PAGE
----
Plan of Action

By Hannah Wallace July 31, 2009

Uncertain where the future will lead your organization in this topsy-turvy era? What shouldn’t be in doubt is the value of strategic planning to guide you where you want to go, says Bill Ferguson, former longtime director of human resources for GE International, Inter-Continental Hotels and United Technologies. Ferguson is among 20 retired executives with big-league business experience who counsel charitable organizations in Sarasota and Manatee counties—at no charge—through the Nonprofit Resource Center’s Volunteer Consulting Service. 

“We take best practices that work for big businesses and bring them home for nonprofits,” he says. Among the organizations Ferguson has counseled are G.WIZ, Red Cross, the Sarasota County Arts Council and Anna Maria Community Center.

“For smaller enterprises whether they’re nonprofit or for-profit, it’s a case of plan or perish,” says Ferguson. “Most of the big players employ a robust strategic planning process. These plans clearly set high priority objectives, explain why they’re critical, what has to be accomplished, assign individual or group responsibility for execution, time frame for accomplishment and identify the metrics that would determine an accomplishment.”

The timetable varies, he says, largely based on product cycle in the for-profit world, and on a three- to four-year basis for nonprofits.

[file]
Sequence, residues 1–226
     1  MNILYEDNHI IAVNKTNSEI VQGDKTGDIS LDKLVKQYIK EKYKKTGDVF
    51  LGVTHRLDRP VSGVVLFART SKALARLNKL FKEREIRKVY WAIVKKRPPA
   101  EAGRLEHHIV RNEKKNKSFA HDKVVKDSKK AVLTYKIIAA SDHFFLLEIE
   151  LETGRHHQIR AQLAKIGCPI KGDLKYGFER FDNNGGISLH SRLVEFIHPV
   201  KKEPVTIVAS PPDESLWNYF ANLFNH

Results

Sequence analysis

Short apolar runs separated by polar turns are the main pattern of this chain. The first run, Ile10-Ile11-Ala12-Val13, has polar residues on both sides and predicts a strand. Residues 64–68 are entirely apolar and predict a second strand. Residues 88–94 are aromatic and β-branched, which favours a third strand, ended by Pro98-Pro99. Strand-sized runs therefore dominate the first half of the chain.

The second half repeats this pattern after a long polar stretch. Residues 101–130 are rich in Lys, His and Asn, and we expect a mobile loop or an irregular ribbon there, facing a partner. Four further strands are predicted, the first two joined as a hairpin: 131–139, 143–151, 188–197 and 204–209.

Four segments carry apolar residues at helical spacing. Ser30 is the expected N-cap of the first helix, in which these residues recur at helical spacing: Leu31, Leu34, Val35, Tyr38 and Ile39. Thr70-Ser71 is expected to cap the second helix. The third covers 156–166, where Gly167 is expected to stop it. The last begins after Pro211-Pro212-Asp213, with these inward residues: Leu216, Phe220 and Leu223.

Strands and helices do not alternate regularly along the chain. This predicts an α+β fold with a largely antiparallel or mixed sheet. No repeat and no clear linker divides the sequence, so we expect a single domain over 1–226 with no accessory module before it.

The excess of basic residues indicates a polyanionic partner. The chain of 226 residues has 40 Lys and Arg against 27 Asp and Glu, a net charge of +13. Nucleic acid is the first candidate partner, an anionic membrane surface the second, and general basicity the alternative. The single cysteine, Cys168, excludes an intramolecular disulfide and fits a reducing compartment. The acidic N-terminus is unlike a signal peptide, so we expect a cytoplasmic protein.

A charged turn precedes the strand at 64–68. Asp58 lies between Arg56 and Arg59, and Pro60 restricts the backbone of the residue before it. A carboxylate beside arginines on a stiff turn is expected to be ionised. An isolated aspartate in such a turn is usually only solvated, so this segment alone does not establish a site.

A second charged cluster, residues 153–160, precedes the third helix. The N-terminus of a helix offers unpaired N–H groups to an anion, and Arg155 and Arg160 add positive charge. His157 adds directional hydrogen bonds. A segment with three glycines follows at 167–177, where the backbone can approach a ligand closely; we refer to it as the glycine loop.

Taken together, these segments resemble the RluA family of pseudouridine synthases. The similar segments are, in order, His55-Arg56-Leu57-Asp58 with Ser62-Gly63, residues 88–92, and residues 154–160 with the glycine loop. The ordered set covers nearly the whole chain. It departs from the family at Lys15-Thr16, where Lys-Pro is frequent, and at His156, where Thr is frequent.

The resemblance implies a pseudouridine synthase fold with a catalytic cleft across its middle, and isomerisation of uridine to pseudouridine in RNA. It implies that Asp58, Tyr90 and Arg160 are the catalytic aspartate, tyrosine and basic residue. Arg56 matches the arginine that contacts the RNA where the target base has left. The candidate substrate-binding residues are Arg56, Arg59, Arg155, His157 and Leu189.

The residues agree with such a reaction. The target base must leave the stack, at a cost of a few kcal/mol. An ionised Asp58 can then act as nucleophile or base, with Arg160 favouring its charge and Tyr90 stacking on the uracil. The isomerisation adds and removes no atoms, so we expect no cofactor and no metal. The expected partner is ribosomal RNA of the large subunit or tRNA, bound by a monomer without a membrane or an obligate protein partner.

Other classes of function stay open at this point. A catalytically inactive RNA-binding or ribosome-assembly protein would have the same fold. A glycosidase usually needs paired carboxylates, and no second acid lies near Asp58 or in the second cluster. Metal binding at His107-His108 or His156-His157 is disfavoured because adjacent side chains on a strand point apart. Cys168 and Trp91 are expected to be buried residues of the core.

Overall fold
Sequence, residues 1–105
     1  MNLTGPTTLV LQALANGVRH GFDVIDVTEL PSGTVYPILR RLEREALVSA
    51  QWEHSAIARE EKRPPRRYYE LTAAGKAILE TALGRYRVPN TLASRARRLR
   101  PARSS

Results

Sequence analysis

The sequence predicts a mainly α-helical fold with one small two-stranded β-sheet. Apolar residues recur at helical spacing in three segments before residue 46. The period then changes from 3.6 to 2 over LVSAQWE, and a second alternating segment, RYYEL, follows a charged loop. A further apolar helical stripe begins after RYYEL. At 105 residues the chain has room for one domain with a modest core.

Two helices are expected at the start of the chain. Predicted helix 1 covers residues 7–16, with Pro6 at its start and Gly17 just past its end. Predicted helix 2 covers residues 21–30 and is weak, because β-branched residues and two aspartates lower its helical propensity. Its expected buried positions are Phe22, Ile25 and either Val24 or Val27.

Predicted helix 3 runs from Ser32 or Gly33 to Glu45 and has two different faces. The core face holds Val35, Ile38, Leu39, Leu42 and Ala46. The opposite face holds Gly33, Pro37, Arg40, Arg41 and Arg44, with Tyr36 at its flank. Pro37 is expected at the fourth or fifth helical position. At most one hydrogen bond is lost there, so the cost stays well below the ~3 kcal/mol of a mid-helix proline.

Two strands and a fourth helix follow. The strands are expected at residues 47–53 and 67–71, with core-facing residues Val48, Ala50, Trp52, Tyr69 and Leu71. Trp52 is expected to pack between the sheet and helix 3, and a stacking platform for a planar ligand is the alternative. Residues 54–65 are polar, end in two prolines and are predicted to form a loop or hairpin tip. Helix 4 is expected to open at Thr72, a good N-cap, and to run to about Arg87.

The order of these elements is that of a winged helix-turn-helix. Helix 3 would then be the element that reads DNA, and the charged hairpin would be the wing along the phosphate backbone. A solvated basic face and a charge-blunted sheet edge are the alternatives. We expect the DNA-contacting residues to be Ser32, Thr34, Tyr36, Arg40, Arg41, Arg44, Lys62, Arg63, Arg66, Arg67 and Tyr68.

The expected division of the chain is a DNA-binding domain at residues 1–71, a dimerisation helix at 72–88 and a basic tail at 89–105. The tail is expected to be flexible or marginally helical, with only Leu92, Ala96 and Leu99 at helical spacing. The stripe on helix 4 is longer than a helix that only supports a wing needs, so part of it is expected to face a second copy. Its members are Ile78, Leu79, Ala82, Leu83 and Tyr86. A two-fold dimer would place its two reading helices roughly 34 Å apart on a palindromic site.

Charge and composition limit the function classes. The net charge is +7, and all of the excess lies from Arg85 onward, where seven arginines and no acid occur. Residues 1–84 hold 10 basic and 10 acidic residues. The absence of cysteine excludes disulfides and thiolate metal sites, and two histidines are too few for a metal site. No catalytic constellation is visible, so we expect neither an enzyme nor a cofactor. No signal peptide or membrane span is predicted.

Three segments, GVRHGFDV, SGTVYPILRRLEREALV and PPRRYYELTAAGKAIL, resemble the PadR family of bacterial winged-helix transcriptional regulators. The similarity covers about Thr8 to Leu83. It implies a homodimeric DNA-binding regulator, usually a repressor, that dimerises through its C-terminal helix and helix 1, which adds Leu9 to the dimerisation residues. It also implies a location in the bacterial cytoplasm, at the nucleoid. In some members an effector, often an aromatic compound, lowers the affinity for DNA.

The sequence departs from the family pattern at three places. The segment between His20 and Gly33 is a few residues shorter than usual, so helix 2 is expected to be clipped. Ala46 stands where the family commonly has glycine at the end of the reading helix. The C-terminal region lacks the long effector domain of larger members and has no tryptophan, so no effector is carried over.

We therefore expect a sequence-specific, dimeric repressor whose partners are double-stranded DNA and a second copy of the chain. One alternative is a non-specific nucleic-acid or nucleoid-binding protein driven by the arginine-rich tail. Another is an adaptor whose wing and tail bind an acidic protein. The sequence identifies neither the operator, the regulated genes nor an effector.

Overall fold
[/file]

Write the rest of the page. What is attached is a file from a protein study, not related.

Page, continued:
Regardless, it’s critical for everyone to make a commitment to the process. “Strategic planning takes a tremendous amount of time and input from the staff, board of directors, volunteer corps,” says Ferguson. “You can’t do this in a three-hour meeting.” 

Strategic Planning 101

Make an honest assessment of your organization’s strengths. ”A real, gut-wrenchingly honest admission of weaknesses,” says Ferguson, “identifying real opportunities—not dreams. Most organizations are not as brutally honest as they should be.”

Recognize the environmental threats. Not just your competitors, but also potential impending legislation and regulation, demographic shifts—“whatever’s out there that can bite you in the rump,” he says.

Write the plan your competitor would write. Too often strategic plans are an exercise in navel gazing, says Ferguson. “If you’re truly going to have a robust plan, turn the telescope around and write the strategic plan that your main competitors would be planning.”

Consider Plan B. You can’t allow hitting some foreseen wall totally derail you. Apply out-of-the-box thinking. For certain organizations, for example, “University Parkway cannot remain as a Berlin Wall. In this environment for intense competition for funding, reach out to both sides of the county line.”

Build in benchmarks. In today’s economy, funders are less interested in mission—“all the kumbaya, feel-good stuff,” says Ferguson. “They want to see hard, metric goals, just like we do in the for-profit world. They want to know what specifically is going to happen as the result of them giving you their money. They say, ‘I want to see benchmarks. If we’re not getting from A to B, I’m going to be reluctant to continue funding.’”

Work the plan. Make sure it includes a lot of specificity. Set timelines and benchmarks (“We need to have this done in three months, or six months.”). Assign individual responsibilities, and identify the individuals or committees responsible for monitoring that process. “Otherwise it becomes a nice little notebook that gathers dust on someone’s credenza,” says Ferguson.

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